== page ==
Property Grunt

Wednesday, May 25, 2005

And now a word from the bubble

The Grunt would like to take a moment from the rental survival guide to address the dead horse known as the bubble.

This was from the Inman blog

Ally on NYC housing bubble
New York, NY -- Last night, we munched with Allison Rogers, real estate editor for the New York Post, 24 pages every Saturday. That is big job, because she does a good job. In her weekly market report, she commented today on the New York magazine housing bust story that got everyone in real estate in a tizzy. Interesting insight: bust will not be as bad this time in NYC, because more condos with more rentable value than co-ops. Makes sense.

No. It doesn't make sense. None of this crap makes sense.

Ok. I am going to give Ally the benefit of the doubt that this was just a sound bite of a bigger conversation about the bubble. But it’s statements like these that scare the living hell out of me. Because people read this and think everything is honky dory and go about doing something stupid.

There are so many variables that affect real estate investments and just because you buy one particular type of property does not mean they are immune to any negative effects of a pop. For instance a condo is a completely useless investment if the passive income that comes in does not cover the maintenance and mortgage. The owner is also is SOL if condo is not rented. Yes. Despite the rental drought there is a surplus of apartments out there that are currently vacant.

Ally is not the only one who has stated that the bubble will have little to no affect on the market. In a recent entry in the real deal. Barbara Corcoran denied the existence of a bubble "Of course there's no bubble," however this is the same woman who maintains a conservative real estate investment strategy and is constantly buying for a bad market.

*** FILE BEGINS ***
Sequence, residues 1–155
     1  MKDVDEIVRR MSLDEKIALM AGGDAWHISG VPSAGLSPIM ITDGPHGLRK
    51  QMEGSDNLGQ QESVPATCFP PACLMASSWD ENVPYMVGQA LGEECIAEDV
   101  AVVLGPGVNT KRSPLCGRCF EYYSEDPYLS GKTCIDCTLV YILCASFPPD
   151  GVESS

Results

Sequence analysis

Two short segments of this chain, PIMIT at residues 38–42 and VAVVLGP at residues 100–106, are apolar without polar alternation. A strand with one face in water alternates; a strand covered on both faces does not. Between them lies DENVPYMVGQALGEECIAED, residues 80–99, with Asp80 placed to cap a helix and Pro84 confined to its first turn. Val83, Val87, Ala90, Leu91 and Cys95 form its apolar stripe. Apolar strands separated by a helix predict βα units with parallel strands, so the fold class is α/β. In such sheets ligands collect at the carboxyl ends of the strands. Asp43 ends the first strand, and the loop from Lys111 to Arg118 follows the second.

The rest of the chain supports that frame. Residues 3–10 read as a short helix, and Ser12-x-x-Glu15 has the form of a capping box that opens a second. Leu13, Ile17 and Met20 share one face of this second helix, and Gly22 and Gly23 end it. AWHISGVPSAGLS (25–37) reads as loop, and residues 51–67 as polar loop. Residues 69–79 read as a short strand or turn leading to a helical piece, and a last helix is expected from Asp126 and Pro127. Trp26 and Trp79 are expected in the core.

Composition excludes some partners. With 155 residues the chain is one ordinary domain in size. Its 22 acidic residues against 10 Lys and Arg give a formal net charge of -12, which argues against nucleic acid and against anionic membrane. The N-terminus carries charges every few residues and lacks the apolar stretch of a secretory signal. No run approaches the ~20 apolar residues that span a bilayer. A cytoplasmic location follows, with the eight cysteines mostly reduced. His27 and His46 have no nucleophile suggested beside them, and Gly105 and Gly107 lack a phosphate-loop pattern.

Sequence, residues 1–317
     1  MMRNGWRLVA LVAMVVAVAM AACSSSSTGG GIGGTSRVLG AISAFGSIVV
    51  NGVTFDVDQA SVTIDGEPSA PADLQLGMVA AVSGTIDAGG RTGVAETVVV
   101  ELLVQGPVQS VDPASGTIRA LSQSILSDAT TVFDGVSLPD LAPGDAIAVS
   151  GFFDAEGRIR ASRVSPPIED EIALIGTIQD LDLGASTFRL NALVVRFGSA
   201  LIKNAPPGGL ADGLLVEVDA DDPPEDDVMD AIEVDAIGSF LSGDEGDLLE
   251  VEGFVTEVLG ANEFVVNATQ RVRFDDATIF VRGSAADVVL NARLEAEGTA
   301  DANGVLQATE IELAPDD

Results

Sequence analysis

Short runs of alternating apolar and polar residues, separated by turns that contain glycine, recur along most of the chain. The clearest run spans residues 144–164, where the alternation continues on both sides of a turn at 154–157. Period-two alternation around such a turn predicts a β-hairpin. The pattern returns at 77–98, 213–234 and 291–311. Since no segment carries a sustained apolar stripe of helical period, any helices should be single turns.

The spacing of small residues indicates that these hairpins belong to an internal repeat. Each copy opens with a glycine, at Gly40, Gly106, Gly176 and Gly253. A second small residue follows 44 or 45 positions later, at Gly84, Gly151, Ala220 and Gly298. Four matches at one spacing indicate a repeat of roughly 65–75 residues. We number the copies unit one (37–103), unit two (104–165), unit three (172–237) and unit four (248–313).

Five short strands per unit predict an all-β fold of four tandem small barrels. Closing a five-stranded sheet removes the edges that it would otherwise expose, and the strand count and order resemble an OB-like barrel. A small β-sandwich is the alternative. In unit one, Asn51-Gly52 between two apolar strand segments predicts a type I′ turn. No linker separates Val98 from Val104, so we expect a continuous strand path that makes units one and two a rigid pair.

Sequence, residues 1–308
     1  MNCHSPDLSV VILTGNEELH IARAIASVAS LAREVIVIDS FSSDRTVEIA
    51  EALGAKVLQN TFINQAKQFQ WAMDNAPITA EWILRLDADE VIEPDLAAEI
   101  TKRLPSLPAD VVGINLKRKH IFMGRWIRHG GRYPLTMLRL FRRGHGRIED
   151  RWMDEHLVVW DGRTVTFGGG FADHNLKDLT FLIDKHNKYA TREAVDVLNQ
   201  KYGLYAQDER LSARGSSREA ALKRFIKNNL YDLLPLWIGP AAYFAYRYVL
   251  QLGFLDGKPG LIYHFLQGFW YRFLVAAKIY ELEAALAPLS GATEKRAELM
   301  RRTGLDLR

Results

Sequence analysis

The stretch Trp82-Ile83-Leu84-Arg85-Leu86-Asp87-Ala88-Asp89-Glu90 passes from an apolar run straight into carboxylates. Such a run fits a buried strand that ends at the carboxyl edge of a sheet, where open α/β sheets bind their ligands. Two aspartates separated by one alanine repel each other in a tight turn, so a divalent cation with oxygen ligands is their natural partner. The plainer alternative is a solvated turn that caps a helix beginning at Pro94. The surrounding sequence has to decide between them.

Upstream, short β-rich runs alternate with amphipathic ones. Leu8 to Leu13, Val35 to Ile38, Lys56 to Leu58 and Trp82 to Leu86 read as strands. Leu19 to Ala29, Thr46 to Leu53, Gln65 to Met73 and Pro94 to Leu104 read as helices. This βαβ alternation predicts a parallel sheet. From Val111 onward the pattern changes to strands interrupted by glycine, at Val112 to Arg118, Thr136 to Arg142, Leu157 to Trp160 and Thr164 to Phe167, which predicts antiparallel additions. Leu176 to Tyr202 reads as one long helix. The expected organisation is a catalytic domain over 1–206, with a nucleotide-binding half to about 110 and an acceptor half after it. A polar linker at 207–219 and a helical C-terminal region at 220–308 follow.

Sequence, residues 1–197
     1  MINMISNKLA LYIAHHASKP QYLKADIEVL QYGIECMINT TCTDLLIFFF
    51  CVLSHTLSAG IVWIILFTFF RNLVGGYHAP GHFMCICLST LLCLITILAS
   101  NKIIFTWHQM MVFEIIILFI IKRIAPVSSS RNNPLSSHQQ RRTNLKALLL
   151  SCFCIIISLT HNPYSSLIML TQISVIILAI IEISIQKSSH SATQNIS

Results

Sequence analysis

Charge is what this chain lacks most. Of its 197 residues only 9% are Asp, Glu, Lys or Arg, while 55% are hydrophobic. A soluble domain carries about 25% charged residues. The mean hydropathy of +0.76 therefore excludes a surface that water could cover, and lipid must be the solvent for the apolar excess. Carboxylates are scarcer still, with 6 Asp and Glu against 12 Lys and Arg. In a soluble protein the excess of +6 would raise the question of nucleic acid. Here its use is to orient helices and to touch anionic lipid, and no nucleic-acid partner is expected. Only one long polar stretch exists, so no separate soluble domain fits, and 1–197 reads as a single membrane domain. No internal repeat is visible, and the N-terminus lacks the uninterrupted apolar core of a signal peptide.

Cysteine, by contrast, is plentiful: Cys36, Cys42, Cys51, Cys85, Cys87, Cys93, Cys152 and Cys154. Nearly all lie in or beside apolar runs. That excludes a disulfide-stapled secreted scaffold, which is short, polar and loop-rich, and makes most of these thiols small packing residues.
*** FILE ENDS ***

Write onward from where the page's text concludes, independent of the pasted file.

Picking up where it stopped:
The bubble has always been on everyone's mind but what has really got everyone talking is that recent New York Magazine cover story which really did not shed any new light on the topic.

What really annoys the Grunt is that people are already predicting the bubble's outcome or in Barbara's case ignoring its existence.

Ladies and gentlemen this is for real. It exists. Here is a sample of what is going down.

The April 20, 2005 issue of the Economist did an excellent rundown of the Housing bubble. Not only does it address the risk of rising interest rates but also the affect of the overpriced real estate.

The increasing riskiness of mortgages is not the only sign that America is experiencing a housing bubble. The ratio of house prices to rents is well above its historical average, as is the ratio of prices to median incomes. And people seem increasingly to be basing their house-buying decisions on the notion that the large capital returns of the past few years—house prices in America are up by 65% since 1997—will continue indefinitely. As with a stock market bubble, if this confidence is shaken, prices could begin to fall rapidly.

In a recent Reuters article a Federal Reserve Economist, Joshua Gallin, stated the following

"There does seem to be some empirical value to using the rent/price ratio as a measure of valuation. The rent/price ratio is historically low, which suggests there is some validity to the view that housing might be overvalued right now," Joshua Gallin, a senior Fed economist, told Reuters.

Joshua is also backed up by his boss, Chairman of the Federal Reserve Alan Greenspan, who was featured in the New York Times.

"Without calling the overall national issue a bubble, it's pretty clear that it's an unsustainable underlying pattern," Mr. Greenspan told the Economic Club of New York at the Hilton New York hotel in Midtown.

He doesn't say outright there is a bubble but you have to be an idiot not to see what he is insinuating.

This is just a fraction of the information that supports the argument that there is a real estate bubble. What will be the aftermath? I have absolutely no clue because I can't predict the future. But I do know that this is not the time to throw caution to the wind. Whether you are homebuyer or investor you must maintain extreme vigilance and exercise great restraint in your purchases because whatever you do will affect on your future. Look at the worst-case scenario and see how you can prepare for it. Figure what you are willing to compromise and what you can do to cut costs.